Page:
• Travelers who are seeking to provide vital support for critical infrastructure sectors or directly linked supply chains.
  • Journalists
  • Pilots and aircrew traveling to the United States for training or aircraft pickup, delivery, or maintenance, including individuals who are traveling to the United States on B-1/B-2, B-1, or M-1 visas, or Visa Waiver Program authorizations. This also includes certain M-2 dependents when the principal visa holder’s necessary training is four weeks or longer
  • Certain exchange visitors, including some au pairs, specialized teachers, travel in support of critical foreign policy objectives, etc.
  • Derivative family members accompanying or following to join a noncitizen who has been granted, would be reasonably expected to receive an NIE, or is otherwise not subject to the proclamations and who is engaging in certain types of long-term employment, studies, or research lasting four weeks or more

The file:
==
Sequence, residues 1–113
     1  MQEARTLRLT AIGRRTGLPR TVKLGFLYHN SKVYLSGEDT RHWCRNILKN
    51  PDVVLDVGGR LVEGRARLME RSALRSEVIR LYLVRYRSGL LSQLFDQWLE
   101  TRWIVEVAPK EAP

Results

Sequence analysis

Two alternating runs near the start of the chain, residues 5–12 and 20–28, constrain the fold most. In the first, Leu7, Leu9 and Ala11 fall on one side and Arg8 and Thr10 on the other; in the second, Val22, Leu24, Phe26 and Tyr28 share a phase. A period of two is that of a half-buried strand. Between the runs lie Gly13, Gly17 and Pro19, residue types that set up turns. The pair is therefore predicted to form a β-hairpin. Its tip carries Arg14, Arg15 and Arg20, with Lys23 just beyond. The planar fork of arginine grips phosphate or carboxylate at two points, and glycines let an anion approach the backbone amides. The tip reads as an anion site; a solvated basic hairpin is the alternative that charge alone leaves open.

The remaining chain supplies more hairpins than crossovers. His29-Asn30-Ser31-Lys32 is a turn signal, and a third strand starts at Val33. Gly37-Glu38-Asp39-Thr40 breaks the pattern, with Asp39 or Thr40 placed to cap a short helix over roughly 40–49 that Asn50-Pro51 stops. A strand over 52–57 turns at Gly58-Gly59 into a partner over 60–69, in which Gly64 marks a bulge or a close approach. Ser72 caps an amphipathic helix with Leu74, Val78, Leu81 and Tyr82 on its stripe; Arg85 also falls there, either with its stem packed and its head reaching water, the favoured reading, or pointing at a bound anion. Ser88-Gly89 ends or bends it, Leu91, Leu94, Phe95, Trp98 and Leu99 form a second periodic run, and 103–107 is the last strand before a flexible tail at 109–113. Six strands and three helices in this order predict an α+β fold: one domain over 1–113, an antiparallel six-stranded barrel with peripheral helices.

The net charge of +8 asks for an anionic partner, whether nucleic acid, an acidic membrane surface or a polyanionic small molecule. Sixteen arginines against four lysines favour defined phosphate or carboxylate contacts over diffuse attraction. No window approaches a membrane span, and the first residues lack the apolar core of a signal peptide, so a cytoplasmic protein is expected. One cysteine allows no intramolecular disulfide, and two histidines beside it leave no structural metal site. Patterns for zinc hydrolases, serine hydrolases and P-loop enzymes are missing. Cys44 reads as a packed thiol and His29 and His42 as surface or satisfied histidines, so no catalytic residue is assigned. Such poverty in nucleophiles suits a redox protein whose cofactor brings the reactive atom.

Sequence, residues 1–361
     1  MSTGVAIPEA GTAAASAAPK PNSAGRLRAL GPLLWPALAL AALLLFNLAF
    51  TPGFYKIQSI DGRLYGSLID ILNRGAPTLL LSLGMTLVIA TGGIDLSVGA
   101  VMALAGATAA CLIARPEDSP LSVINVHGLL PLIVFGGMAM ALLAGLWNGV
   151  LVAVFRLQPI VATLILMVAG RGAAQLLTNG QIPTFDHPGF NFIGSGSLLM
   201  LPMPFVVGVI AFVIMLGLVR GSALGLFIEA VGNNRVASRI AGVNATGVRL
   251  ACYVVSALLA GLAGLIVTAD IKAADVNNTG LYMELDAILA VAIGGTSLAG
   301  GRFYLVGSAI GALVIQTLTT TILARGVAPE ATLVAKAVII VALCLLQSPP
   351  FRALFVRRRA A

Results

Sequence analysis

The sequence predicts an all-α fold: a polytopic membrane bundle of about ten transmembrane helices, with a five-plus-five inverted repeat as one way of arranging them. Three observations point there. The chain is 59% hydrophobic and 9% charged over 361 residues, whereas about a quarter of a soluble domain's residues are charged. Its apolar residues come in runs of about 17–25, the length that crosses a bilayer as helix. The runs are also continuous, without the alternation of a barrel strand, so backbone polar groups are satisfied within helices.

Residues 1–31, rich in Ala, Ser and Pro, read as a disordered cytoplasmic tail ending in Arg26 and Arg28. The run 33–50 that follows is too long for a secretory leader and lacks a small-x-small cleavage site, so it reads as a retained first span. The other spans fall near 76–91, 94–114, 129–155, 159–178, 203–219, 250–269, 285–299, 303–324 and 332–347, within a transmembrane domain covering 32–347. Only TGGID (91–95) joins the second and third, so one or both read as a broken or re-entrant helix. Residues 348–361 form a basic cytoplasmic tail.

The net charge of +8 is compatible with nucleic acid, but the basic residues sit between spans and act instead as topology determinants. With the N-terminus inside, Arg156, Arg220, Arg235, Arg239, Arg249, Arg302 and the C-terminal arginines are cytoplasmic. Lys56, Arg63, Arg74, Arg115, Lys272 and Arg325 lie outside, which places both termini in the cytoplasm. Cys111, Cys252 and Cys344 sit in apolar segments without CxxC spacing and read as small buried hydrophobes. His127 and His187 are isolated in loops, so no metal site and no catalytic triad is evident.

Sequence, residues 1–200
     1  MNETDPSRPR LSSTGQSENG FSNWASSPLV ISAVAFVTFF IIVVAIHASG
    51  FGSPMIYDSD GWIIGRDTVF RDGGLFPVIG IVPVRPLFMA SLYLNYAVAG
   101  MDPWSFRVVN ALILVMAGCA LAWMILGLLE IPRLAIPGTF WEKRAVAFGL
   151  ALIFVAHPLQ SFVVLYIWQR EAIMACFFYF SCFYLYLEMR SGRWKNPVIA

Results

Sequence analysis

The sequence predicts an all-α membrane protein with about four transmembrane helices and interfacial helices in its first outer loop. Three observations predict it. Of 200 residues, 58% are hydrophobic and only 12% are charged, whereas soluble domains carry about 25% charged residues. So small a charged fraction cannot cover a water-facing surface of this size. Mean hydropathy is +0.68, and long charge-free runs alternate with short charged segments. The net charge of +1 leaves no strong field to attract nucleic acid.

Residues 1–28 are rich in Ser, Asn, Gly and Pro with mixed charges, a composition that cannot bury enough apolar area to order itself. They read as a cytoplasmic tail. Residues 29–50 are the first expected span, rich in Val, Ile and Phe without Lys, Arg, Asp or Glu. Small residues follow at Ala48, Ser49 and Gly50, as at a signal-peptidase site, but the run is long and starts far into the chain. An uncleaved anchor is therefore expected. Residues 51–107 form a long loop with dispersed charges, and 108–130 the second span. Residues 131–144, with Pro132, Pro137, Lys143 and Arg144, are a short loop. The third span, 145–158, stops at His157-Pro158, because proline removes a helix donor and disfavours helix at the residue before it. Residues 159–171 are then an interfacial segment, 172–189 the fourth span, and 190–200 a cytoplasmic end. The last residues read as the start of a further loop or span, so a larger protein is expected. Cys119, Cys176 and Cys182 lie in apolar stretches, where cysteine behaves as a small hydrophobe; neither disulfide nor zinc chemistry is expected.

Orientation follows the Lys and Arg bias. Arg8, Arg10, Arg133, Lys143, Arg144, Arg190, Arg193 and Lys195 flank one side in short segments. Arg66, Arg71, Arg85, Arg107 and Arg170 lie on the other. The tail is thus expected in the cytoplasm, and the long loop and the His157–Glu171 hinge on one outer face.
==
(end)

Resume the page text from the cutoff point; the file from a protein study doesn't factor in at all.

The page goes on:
• Travelers seeking to enter the U.S. for purposes related to humanitarian travel, public health response, and national security.

International Travel Tips

The Department of State advises “Travelers in these categories who wish to visit the United States and have a valid visa in the appropriate class, or who are seeking to apply for a visa, and believe they may qualify for a national interest exception should contact the nearest U.S. embassy or consulate before traveling.” The DOS website also notes that the Secretary of State may revise the national interest determinations at any time.

  1. Limit nonessential international travel and consider postponing essential travel.